Cheyenne, WY – County memberships in the American Lands Council (ALC) have dropped by almost half since the group working to transfer public lands to states first published a list of members, according to a study by the Western Values Project.
County memberships in the American Lands Council, a national group working to transfer publicly owned lands to states, have dropped by as much as 45 percent – according to an investigation by the Western Values Project. Chris Saeger with the project says drops in membership reflect the A-L-C’s declining influence in Western states.
“Things are not looking good for folks like the American Lands Council and the Bundy folks and others who are advocating for the transfer of federal public lands to states.”
Saeger refers to the group currently on trial for occupying the Malheur National Wildlife Refuge. He also points to a recent report by the Conference of Western Attorneys General, which concluded that lawsuits to hand over federal lands to states are unlikely to succeed. According to its website, the A-L-C recently met at an undisclosed location in Salt Lake City to discuss strategies going forward. The group did not respond to requests for comments.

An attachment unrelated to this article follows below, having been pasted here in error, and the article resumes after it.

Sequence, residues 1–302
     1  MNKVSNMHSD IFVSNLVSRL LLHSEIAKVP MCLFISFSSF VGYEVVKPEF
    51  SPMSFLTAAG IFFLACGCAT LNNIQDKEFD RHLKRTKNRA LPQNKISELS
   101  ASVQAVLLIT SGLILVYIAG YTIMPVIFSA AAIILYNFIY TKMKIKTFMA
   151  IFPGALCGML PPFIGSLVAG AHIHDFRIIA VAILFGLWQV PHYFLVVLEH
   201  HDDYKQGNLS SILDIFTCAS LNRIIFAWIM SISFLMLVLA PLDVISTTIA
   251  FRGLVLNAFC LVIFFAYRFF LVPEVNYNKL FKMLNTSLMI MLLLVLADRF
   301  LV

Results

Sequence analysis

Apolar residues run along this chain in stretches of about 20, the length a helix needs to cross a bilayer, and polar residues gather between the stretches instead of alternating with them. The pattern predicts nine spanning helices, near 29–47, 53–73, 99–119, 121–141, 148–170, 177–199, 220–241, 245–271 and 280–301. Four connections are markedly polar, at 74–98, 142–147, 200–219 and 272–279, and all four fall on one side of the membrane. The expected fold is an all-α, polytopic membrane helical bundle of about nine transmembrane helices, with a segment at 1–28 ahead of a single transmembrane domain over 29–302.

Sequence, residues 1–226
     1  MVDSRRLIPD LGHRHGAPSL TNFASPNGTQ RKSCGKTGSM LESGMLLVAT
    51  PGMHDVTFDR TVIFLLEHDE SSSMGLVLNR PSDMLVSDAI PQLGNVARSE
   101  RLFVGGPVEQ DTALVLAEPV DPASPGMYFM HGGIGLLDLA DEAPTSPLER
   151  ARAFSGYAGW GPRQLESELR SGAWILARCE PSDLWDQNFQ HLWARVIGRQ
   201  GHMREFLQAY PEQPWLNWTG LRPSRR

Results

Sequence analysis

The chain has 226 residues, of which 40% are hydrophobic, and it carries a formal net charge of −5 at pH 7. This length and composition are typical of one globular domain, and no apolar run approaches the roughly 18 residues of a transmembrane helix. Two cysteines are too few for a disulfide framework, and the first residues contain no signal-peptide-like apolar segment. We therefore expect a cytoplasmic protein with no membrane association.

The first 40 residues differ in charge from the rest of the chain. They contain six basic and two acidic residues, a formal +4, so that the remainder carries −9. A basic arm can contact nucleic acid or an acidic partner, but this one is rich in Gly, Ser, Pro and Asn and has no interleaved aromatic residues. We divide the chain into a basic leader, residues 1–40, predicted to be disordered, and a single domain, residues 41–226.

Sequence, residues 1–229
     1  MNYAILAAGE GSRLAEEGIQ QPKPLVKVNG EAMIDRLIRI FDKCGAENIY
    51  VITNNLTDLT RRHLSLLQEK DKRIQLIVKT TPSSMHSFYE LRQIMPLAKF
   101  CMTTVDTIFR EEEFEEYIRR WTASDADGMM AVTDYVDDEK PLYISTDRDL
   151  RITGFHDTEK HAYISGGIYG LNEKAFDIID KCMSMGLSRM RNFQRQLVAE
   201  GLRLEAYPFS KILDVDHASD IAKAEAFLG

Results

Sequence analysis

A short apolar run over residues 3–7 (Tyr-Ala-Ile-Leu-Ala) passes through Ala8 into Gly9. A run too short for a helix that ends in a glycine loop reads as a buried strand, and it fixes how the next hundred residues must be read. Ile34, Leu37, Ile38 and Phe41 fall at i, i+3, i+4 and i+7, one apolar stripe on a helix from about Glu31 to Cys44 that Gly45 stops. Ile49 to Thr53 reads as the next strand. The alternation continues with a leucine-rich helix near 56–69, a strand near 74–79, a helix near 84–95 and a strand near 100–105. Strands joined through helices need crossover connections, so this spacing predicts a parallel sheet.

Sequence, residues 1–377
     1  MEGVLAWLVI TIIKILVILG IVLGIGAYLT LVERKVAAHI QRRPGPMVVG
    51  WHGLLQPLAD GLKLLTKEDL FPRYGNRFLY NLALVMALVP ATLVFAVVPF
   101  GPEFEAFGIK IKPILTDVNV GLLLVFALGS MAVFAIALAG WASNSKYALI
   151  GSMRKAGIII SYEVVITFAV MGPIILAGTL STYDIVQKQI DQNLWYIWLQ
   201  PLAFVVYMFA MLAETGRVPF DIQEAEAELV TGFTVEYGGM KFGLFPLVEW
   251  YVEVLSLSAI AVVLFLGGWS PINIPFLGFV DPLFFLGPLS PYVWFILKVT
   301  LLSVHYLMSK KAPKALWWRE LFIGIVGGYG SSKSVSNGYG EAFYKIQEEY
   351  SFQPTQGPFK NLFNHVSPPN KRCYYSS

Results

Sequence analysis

Saeger says the battle over who controls federal lands is far from over, and notes out-of-state funders may still be able to keep the A-L-C’s doors open. He says keeping national lands open and accessible for all Americans to hunt, fish, hike and camp drives a multi-billion-dollar recreation economy.
“If you lose that because those lands are ultimately sold off to powerful special interests, then you lose a very significant chunk of the outdoor economy and, more importantly, our way of life.”
Last year the A-L-C removed a list of counties who pay annual dues from its website. The Western Values Project filed formal information requests to the 53 counties formerly listed, and found almost half are no longer members.